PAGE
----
They are stories of victory and of loss, of love and loneliness, of joy and anguish. From the triumphant splendour of Parisian monuments, to the unspent anguish that bathes the daisy-spotted countryside where the bones of the war-dead lie eloquent in their massed silence, these stories weave and breathe everywhere, a constant reminder of the turning of the wheel of fortune in the life of every man.

And the wheel turns, always, and for all. When confronted with difficult times, the well-meaning are wont to soothe with platitudes such as 'we are never given more than we can bear'. This is not true. Life, in all its brilliance of colour and tone, hands many people more than can be borne. The weight of these things can break a person, or crush them completely. This is never a reflection on that person, their strength or worthiness, only a reminder that all humans, by virtue of the fraility of our own flesh, are vulnerable to the tide of fortune that washes around us, constant, inexorable, infinite.

When faced with what is difficult, do what you need to. Adjust what needs to be adjusted, even if it's the very direction of the course of your life. What matters is you, your wholeness and wellbeing. Live as honestly and as well as you can, hold yourself to your own standards, and forgive yourself your failings when they arise despite your best efforts. Never apologise when life hands you a heavy load. Be a good human being to other human beings. Be kind. Honour the light in yourself, and the light you find in other people. Know yourself, know your story, and tell your story. Weave it through your life, in the words that you speak and the actions you take, and in your art and your writing, so that it becomes the strong fabric that holds the stars in your own night sky, a map made of light to lead you in your own darkest hour, or even a beacon of hope for someone else who has become lost along their own dimmed path.

This is what the very best of our protagonists, characters and personae dramatis do. They live once, in their actions, and again in their moment of realisation, the finding of their own strength, wisdom or genius. By finding the answer to their deepest question within their own story, they become awakened, whole, real. The story becomes alive. It breathes, stretches, steps off the page and into the streets and towns and the very lives of humanity.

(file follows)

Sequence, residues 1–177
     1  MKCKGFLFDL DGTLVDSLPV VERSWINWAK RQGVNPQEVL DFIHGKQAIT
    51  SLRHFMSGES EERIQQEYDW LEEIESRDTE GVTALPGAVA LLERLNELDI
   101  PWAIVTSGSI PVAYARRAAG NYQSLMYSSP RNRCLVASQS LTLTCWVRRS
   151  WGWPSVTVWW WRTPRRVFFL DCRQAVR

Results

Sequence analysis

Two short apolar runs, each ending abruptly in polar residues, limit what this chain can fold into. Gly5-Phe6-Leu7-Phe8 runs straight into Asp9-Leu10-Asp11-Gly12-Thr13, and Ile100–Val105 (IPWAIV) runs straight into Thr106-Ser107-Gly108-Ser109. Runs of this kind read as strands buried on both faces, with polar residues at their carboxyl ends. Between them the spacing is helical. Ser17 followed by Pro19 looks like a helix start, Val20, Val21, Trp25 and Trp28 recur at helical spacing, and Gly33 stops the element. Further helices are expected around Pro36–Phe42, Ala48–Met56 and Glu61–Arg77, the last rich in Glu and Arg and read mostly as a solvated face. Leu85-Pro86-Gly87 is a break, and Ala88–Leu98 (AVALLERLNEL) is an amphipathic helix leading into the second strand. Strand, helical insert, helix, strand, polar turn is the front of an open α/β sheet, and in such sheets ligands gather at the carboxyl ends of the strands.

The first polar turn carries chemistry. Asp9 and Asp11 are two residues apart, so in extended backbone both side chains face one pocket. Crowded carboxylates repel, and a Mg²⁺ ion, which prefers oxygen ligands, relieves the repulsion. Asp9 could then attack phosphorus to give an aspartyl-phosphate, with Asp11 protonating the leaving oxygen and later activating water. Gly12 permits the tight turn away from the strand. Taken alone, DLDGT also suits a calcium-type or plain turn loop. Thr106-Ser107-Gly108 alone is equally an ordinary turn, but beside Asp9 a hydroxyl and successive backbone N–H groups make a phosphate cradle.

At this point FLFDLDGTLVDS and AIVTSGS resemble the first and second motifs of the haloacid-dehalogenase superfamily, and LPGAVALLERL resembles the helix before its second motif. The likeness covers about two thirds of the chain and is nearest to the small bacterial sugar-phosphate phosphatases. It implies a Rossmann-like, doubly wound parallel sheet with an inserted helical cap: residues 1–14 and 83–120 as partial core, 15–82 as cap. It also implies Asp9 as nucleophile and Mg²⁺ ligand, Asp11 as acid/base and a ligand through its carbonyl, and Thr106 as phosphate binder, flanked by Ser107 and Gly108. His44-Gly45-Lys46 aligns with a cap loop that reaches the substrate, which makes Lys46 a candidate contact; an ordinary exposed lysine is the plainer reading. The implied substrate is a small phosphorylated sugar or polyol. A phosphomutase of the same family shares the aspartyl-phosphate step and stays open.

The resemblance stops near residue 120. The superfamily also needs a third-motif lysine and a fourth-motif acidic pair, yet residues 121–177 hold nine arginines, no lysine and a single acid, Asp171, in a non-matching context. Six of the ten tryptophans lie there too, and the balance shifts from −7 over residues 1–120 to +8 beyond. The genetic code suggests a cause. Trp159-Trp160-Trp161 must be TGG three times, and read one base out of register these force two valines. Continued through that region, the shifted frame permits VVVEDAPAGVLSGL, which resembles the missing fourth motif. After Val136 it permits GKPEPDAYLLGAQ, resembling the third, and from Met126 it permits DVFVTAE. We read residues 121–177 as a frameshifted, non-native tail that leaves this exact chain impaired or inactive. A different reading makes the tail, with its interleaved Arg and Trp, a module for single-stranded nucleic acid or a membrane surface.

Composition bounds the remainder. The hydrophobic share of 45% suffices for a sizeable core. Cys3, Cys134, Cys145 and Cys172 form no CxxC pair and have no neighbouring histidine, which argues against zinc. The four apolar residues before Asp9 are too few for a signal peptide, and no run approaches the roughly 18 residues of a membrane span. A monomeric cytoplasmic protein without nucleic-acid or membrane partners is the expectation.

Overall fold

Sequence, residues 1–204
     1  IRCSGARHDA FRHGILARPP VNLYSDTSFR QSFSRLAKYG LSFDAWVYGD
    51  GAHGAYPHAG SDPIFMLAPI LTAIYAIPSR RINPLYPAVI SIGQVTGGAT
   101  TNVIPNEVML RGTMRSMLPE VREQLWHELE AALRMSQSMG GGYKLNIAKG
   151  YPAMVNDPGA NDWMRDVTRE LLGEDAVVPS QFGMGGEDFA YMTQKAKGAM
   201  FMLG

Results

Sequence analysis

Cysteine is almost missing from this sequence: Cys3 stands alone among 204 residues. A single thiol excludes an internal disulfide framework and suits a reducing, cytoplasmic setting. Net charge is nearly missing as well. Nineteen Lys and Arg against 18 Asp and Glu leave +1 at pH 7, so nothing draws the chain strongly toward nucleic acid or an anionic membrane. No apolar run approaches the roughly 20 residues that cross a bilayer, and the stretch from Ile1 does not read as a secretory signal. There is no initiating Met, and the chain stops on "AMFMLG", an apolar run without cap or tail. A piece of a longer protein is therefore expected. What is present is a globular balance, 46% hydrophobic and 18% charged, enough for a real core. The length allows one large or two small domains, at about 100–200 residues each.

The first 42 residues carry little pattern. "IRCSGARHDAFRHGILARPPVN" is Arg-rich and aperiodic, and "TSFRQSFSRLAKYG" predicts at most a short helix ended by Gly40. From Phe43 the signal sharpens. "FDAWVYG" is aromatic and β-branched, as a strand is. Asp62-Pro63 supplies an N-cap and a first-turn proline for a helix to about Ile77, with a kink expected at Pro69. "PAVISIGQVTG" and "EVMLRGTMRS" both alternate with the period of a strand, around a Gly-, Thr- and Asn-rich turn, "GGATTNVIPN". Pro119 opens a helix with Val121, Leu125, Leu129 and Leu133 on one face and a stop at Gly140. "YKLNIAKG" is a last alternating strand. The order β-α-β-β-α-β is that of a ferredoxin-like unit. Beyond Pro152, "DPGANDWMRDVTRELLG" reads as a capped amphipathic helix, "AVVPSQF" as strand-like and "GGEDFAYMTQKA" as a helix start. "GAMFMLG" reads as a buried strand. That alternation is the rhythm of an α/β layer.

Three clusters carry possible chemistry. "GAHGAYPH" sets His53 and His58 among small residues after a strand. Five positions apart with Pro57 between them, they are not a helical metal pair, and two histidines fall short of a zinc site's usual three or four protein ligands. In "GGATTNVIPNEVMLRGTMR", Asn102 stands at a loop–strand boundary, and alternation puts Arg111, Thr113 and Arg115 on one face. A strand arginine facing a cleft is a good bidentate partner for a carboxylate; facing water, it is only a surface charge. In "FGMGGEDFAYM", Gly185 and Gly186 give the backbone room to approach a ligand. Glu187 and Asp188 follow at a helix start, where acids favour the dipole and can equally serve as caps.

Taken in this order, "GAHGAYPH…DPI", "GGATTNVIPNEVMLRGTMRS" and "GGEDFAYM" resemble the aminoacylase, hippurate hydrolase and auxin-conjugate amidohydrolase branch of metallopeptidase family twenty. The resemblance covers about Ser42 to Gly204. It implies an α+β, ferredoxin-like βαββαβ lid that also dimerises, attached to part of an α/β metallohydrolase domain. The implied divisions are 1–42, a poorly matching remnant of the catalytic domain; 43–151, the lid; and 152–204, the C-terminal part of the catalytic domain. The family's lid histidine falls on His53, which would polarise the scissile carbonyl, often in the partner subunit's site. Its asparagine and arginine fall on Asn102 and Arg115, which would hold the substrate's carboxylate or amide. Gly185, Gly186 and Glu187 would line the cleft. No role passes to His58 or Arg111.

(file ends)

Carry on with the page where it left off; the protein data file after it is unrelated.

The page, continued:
Sunday, December 4, 2016

And then she woke up. (The End).

How do you place altered states of consciousness in your stories?

This is a very interesting question to me. Without giving too much away, altered states of consciousness and/or reality are the hinge on

Saturday, November 12, 2016

Shaking words

The best word shakers were those who understood the true power of words. They were always able to climb the highest. One such word shaker was a small, skinny girl. She was renowned as the best of her region because she knew how powerless a person could be WITHOUT words. She had desire. She was hungry for them. 

~ from 'The Word Shaker', in The Book Thief by Markus Zusak

Sunday, September 25, 2016

Riddle me this

It's a year or so on from my last wildly successful riddle, and I've been inspired again. Riddle me this, if you dare can: 

Tuesday, September 6, 2016

To write honestly

In a memoir, feelings are more important than facts, and to write honestly, I have to confront my demons. 

~ Isabelle Allende 

Friday, August 26, 2016

Wednesday


Bilbo rushed along the passage, 
very angry, and altogether bewildered 
and bewuthered -- this was
the most awkward Wednesday 
he ever remembered.






The Hobbit by J.R.R. Tolkien (1937) 

Tuesday, July 19, 2016

Write.

Words are powerful.
Use them wisely, and well.
Tell the stories that matter.
Speak the truth that lies in your heart.
Find the words that you need to hear.
Receive them, and share them.
Be fearless.
Be kind.

Write.